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To read more about Senator Lankford’s border security policy proposal, CLICK HERE.

Lankford Says It’s Time to Fix Our Broken Asylum Process from That Brings Border Crossers into the US

CLICK HERE to watch Lankford’s remarks on YouTube.

CLICK HERE to watch Lankford’s remarks on Rumble.

WASHINGTON, DC – As he prepares to travel to the southern border, Senator James Lankford (R-OK), the lead Republican on the Border Management Subcommittee of the Senate Homeland Security and Governmental Affairs Committee, today spoke in support of a resolution of disapproval under the Congressional Review Act (CRA) to dissolve a proposed Biden Administration rule that would illegally upend the process by which the US government grants asylum claims to migrants. Lankford joined Senator Ron Johnson (R-WI) and 29 Senators to introduce the resolution in April. The resolution failed to pass in the Senate in a vote of 46 to 48.

Lankford sent a letter to Department of Homeland Security (DHS) Secretary Alejandro Mayorkas on his concerns about efforts to re-implement the Migrant Protection Protocols (MPP) program, known as the “Remain in Mexico” policy for asylum seekers. Lankford has repeatedly asked for information and raised significant questions about whether DHS is following the District Court’s order to resume the program in “good faith.”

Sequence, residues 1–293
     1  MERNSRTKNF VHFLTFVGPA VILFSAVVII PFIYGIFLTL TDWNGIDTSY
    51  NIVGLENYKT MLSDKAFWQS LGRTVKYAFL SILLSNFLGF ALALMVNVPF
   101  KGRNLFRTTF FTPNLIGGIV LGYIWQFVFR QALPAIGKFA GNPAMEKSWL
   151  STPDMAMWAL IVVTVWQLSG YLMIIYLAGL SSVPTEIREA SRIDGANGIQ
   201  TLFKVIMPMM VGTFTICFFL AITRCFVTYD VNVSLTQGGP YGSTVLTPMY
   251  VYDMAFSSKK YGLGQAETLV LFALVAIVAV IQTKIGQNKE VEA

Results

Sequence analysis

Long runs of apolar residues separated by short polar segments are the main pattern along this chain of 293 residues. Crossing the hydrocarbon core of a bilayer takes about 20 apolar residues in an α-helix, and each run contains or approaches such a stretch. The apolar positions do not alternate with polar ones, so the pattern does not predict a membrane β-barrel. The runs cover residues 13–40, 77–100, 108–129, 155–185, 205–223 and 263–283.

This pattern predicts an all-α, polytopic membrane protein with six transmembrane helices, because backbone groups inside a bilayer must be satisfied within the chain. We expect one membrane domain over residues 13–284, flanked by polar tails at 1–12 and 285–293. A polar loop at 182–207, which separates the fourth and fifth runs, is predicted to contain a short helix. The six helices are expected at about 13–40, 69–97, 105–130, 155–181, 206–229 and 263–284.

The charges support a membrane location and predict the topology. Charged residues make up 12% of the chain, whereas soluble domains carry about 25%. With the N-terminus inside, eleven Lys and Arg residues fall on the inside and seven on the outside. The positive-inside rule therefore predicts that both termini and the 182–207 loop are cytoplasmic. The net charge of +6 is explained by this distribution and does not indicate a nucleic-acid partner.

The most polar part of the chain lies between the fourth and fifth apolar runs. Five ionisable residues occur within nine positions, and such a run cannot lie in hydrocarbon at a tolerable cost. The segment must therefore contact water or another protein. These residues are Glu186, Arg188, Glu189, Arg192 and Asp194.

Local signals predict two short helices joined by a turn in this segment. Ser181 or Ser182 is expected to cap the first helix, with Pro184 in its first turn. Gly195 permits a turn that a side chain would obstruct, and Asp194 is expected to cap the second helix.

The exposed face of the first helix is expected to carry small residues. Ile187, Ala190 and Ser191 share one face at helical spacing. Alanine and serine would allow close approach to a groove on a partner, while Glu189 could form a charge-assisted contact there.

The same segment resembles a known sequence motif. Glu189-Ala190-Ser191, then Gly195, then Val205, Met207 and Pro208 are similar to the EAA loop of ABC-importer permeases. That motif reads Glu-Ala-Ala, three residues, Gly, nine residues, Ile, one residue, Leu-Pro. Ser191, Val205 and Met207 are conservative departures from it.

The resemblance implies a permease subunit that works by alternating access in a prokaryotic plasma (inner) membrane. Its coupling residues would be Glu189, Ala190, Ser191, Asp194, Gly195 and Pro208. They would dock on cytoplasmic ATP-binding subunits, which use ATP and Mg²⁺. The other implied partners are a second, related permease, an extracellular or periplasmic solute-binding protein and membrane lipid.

Lankford is leading the charge to push back on the Biden Administration’s plans to revoke temporary, pandemic-related Title 42 authority as early as May 23 and to stop the ongoing chaos at the southern border amid Biden’s hypocrisy about COVID. After the highest year on record for illegal crossings this past year and 221,000 encounters of border crossers last month, Lankford introduced the Public Health and Border Security Act to require all COVID-19 related national states of emergency to be lifted before Title 42 is officially terminated until a workable plan to replace it is put in place.

Transcript

Later on today we’re going to be voting on a Congressional Review Act dealing with the Title 42. Actually, more specifically, the asylum rule dealing with what’s happening at our southwest border right now. Let me first say something I don’t normally say on this floor. I’m pleased the Biden Administration is trying to address this. It is a step that someone in the Administration has noticed there is a problem with the asylum rule, and they are trying to address it. This solution will not fix the problem, but at least we’re working on the problem.

If I can say this to the Biden Administration and to this body—if we do not legislatively fix the asylum rule, what is happening on our southern border will never get better. We have got to address what is the problem there. It is not that there is root causes in Central America. We’re the United States of America. Everyone in the world wants to be here. And if all you have to do is cross the border and say the magic words, ‘I have credible fear,’ and the Biden Administration hands you a piece of paper, and you’re in the country for the next eight years—eight years—until your hearing, the whole world is going to keep coming here.